In a fit of relief and a show of jubilation, the Frenchman threw out one of the more colorful claims of the event. "That was the biggest claim I've ever done but I was just so stoked. That was from the heart."

Teva Bouchgua sat frustrated most of the heat with two low scores before he snagged a wave under priority and linked several solid turns.

"I was losing and was like, 'oh dang it' it's not my day," said Bouchgua. "Then I saw that green who had priority didn't take a good wave so I was like 'ah good!' So I took it and I did the first turn and thought 'oh good' and then got the second turn and the next and advanced through the heat.I'm so happy."

Pro surf coach trend in full force for junior competitors

Lenni Jensen (DEU) Lenni Jensen (DEU) and coach Didier Piter WSL / Laurent Masurel

Of note this event is the increase in coaches among the Juniors. Contest director Filipe Anjos pointed out that more surfers on the junior tour have increased their performance level thanks to the coaching boom. Event surfer Selyann Zouhir says he's benefited from coaching in this event.

"I've been working with the Moroccan team's coach, he's like an uncle to me," said semifinalist Zouhir of Teva Bouchgua's father, Aziz. "He's helped Teva and now he's helping me. We all travel together and he points us to the right direction for finding waves and making heats."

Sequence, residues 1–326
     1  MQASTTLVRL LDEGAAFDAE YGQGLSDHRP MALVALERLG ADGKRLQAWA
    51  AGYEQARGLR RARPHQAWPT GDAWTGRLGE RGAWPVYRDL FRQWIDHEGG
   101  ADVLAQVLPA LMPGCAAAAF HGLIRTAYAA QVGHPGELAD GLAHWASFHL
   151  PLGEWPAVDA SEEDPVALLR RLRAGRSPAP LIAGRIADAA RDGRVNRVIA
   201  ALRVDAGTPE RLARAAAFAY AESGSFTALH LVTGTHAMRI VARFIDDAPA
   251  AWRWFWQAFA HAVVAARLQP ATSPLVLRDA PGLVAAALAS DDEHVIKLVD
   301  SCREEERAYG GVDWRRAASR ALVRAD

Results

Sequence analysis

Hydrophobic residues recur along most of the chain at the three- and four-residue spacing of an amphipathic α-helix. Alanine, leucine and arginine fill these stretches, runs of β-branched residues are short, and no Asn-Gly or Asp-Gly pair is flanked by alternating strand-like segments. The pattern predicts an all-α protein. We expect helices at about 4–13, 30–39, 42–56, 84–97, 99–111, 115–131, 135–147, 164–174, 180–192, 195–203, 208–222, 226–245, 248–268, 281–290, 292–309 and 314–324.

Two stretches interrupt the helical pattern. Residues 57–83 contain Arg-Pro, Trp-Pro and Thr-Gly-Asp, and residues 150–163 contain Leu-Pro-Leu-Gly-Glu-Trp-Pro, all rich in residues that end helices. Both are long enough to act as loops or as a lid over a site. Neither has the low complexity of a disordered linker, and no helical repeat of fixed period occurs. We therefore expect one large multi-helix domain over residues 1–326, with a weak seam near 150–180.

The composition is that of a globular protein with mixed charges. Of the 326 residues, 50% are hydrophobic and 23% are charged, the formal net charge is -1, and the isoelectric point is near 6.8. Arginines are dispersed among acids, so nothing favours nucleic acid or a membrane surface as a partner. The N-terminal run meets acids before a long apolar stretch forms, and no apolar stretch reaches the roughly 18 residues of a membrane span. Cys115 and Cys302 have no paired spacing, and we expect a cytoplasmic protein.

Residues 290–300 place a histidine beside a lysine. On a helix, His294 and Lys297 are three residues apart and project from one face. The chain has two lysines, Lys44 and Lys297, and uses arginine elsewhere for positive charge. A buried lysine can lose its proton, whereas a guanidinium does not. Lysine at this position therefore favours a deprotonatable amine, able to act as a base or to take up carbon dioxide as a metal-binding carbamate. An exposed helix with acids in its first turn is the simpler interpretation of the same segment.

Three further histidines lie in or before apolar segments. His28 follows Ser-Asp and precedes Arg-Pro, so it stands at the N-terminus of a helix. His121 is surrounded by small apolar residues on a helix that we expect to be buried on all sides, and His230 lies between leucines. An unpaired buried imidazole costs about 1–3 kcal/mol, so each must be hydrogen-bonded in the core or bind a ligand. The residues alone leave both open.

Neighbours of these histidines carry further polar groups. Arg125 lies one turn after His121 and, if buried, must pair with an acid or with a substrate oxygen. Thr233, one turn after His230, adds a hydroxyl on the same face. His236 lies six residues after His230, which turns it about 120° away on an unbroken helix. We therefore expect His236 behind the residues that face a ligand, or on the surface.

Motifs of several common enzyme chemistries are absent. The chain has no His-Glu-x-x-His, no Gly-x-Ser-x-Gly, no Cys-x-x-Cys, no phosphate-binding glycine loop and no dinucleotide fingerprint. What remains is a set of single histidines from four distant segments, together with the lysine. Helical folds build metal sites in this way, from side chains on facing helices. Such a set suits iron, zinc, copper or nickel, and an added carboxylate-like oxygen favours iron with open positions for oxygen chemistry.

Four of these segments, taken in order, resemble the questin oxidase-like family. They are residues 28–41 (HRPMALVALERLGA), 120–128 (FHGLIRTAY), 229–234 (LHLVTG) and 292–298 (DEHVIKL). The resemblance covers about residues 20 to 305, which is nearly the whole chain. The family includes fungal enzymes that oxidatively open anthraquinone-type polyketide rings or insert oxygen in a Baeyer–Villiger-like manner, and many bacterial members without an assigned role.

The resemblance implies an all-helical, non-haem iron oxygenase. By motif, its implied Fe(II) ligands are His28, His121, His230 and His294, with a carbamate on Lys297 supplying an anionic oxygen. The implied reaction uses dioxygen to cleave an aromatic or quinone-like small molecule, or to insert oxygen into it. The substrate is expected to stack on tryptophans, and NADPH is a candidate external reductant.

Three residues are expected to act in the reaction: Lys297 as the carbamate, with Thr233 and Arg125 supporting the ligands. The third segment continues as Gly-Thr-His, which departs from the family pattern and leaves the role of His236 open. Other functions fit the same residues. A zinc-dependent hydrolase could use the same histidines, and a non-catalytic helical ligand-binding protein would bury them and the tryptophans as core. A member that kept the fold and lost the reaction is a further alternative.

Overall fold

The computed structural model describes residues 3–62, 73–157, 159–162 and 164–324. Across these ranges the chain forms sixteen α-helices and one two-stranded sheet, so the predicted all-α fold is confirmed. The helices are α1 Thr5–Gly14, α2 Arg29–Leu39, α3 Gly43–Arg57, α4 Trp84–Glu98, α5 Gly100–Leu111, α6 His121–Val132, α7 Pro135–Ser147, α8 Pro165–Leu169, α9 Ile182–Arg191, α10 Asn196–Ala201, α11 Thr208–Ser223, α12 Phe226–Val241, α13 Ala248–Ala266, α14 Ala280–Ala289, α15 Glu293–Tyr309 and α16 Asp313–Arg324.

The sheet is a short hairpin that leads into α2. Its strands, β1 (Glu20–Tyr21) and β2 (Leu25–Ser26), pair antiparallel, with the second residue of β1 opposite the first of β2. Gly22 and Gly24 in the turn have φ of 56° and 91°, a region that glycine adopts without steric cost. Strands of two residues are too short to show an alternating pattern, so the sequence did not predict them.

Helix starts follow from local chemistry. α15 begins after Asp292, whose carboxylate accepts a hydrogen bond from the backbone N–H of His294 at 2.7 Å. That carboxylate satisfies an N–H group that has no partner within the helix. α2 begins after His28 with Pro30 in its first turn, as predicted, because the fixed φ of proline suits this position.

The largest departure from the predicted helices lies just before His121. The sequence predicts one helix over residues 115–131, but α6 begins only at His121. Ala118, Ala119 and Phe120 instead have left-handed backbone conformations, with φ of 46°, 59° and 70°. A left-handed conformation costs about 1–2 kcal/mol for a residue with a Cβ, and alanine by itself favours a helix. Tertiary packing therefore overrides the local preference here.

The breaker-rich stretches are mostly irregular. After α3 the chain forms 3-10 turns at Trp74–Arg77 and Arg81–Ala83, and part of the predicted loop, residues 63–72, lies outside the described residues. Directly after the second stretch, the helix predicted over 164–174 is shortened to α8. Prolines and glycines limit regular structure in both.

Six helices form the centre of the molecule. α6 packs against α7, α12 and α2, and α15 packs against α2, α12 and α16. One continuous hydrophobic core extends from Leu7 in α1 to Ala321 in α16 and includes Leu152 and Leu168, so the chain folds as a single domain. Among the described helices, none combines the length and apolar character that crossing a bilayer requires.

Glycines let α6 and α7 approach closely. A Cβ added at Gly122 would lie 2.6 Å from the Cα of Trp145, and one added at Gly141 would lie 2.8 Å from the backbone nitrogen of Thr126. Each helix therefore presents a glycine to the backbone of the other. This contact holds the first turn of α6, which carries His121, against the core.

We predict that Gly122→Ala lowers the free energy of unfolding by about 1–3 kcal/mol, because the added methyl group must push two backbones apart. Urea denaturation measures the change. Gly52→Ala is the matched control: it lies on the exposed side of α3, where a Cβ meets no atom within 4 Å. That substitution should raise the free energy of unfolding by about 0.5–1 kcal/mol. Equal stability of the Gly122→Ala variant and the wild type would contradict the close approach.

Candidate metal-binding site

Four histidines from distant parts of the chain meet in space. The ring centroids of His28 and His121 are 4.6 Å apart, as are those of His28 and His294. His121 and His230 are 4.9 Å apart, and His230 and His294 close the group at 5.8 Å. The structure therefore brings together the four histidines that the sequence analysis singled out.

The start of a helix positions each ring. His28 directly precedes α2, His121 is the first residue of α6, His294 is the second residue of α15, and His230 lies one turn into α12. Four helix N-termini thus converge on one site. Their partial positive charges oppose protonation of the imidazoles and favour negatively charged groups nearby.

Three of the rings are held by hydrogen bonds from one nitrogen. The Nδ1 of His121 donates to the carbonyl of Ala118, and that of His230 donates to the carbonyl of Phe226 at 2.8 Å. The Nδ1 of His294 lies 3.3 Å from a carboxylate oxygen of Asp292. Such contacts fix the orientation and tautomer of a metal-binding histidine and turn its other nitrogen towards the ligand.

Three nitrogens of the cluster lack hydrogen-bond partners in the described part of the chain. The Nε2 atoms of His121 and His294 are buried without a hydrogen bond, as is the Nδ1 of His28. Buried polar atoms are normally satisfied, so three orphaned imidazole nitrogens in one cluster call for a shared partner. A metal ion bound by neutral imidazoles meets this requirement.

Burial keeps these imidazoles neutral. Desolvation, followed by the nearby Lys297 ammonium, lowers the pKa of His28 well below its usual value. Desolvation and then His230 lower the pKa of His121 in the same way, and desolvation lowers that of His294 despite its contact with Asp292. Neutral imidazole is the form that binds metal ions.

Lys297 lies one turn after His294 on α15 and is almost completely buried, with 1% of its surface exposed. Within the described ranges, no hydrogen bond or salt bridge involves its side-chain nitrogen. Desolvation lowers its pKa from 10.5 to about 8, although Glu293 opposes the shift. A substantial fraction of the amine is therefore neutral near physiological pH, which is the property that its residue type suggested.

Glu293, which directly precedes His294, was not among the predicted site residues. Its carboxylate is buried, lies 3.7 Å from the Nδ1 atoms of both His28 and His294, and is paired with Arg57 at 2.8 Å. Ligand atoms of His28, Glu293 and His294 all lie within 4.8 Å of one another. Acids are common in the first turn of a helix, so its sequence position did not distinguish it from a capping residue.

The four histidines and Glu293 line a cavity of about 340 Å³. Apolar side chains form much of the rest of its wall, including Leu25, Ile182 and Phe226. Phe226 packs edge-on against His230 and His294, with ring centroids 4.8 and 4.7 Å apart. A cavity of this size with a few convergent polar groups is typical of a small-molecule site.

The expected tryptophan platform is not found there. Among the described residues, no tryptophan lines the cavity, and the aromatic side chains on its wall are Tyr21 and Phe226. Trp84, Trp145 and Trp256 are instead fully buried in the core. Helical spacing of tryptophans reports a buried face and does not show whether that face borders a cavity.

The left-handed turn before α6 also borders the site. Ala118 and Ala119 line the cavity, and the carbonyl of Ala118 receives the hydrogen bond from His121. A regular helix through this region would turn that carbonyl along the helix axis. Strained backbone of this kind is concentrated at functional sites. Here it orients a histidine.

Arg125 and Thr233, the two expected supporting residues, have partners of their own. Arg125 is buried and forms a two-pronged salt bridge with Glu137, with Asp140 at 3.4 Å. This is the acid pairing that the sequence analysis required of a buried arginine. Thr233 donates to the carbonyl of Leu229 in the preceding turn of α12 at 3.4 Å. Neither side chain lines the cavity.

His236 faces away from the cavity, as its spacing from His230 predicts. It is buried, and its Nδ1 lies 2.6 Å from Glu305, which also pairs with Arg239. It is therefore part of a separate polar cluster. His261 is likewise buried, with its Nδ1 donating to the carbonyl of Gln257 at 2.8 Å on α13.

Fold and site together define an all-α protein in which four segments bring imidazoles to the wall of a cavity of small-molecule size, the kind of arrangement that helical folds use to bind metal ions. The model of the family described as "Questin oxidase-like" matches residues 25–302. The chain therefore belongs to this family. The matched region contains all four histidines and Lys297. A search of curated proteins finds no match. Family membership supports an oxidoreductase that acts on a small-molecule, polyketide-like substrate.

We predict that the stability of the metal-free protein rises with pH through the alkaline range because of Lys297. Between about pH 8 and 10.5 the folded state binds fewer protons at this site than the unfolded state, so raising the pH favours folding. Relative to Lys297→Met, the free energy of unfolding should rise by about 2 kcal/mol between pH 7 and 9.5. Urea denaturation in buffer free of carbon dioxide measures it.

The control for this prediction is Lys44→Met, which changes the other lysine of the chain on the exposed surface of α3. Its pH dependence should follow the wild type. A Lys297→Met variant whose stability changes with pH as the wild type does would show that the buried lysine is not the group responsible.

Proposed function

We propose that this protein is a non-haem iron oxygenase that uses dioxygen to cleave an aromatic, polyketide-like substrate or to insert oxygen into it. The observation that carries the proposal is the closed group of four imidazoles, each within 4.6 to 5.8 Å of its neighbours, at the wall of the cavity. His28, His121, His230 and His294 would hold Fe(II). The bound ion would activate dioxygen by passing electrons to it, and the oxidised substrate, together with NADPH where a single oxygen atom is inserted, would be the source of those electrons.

French coach Didier Pitier has a clutch of surfers he is guiding through the event, like Lenni Jensen. Didier says about two thirds of the surfers have coaches on the junior tour.

"We see a lot of coaches because you need someone to help the surfers adapt and learn, so that's why you see so many these days," said Piter.

"Some kids have all the talent in the world but a coach will see the tides, the conditions, and more. There are so many places in competition where a coach can be wiping out the question marks that a surfer will have. That's what we're here for, to get rid of the question marks."

With the shifting lineup there were a lot question marks today. Tomorrow's forecast is similar and will demand the finalists have answers to those questions.